Tag Archives: Cancer cure
… with respect to any application to Congress, it would be inefficient, because the Constitution allows them to give no other reward for useful discoveries but the exclusive right for 14. years: and the care of the public health is not among those [powers] given to the general government, but remains exclusively with the legislatures of the respective states …
To James Houston, February 10, 1804
Patrick Lee’s Explanation
Wise leaders accept limits on their authority.
In a long curious letter to the President, Houston, a 52 year old farmer described being in Philadelphia for treatment of a cancer he’d suffered from for many years. He claimed to have been mostly healed and wanted to make the doctor’s cure known publicly. The doctor refused, because the pills he compounded to treat the cancer were a major source of income. Still, for $50,000, the doctor would release the formula.
Houston had written a “pamphlet,” some lengthy, rhyming narrative of his treatment and cure, and sent a portion of it to the President. He hoped to publish and sell it to raise funds toward that $50,000 goal. He sought a patent on his pamphlet. The President acknowledged a 14 year patent “for useful discoveries,” but that did not apply to Houston’s effort. Neither was the national government authorized by the Constitution to guard public health. Under the 10th Amendment, that authority remained with the individual states.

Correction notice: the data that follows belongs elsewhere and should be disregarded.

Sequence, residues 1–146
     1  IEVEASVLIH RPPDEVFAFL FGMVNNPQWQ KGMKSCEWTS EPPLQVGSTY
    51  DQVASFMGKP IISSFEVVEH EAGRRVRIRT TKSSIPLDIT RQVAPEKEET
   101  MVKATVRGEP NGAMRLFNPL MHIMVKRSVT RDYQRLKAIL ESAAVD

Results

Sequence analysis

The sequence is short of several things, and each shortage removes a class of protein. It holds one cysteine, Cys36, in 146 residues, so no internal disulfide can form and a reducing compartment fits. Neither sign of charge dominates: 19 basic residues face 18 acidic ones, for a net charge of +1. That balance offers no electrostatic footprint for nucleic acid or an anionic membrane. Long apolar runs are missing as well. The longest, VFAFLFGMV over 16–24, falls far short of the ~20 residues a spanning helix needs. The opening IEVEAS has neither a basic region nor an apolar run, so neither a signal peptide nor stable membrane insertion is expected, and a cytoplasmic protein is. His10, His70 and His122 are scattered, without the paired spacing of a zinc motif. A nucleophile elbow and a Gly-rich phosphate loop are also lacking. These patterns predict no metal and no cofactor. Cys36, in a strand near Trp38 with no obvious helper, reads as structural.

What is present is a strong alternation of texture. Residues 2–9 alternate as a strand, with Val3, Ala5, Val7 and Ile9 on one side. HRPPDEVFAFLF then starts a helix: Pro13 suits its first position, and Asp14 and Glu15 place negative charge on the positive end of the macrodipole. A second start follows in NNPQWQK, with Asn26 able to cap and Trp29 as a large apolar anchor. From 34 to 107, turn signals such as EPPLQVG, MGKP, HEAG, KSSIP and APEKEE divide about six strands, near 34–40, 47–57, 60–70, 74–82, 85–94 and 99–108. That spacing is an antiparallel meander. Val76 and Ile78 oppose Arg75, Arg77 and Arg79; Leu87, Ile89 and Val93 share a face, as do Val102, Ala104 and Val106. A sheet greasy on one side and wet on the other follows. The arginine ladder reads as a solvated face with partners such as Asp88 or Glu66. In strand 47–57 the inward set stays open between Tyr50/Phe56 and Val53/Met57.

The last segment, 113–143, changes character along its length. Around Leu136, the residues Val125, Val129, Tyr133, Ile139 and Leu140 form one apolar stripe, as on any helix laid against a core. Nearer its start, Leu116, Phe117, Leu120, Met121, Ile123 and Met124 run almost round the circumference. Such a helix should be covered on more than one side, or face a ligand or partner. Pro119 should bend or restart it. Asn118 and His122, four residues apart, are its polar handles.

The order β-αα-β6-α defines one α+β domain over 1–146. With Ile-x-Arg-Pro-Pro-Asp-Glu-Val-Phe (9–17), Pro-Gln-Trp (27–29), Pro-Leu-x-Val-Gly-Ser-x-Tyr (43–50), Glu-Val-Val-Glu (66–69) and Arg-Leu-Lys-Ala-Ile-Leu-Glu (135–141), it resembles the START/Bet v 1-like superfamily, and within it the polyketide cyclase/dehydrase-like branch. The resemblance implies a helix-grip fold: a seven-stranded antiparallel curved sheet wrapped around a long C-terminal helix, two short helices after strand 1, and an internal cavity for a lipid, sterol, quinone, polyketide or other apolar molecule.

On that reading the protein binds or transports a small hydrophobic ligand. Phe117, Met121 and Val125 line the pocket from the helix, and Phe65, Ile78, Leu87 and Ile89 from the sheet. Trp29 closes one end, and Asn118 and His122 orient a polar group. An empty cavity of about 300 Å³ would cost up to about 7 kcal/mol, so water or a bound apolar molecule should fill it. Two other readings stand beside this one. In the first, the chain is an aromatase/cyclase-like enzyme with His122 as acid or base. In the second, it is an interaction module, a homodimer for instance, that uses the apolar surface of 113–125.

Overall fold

While he could not help his petitioner, Jefferson remained gracious. He concluded his letter by congratulating Houston “on his prospect of recovery, and sincerely wishes it may be compleated.”
Two months later, Houston filed for a copyright on his pamphlet in the federal court in Philadelphia and published it with the title, “A Plan for the Ladies Fund, in the United States of America, for the Relief of Those Afflicted with Cancers.”